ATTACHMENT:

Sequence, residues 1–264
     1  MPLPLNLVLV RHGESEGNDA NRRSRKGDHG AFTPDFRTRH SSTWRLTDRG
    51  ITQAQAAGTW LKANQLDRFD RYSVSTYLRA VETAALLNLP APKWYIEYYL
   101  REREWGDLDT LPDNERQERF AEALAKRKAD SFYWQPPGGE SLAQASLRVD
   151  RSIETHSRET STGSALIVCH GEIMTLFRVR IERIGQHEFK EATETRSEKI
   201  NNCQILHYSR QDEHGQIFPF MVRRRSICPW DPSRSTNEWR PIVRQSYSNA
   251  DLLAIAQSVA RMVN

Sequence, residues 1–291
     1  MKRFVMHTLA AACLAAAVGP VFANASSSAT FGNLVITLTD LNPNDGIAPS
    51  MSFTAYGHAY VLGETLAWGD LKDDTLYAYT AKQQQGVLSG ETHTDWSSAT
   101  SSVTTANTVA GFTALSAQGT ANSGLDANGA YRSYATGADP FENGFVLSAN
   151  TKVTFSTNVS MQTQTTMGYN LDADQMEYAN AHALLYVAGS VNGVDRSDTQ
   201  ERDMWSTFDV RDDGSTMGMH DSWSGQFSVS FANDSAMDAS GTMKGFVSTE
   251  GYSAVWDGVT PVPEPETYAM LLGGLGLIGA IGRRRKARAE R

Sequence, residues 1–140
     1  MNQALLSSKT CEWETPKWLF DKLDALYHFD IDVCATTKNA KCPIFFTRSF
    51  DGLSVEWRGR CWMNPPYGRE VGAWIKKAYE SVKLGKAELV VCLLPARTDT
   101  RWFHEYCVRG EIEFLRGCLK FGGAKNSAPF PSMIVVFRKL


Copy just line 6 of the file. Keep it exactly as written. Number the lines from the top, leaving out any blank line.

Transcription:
   201  NNCQILHYSR QDEHGQIFPF MVRRRSICPW DPSRSTNEWR PIVRQSYSNA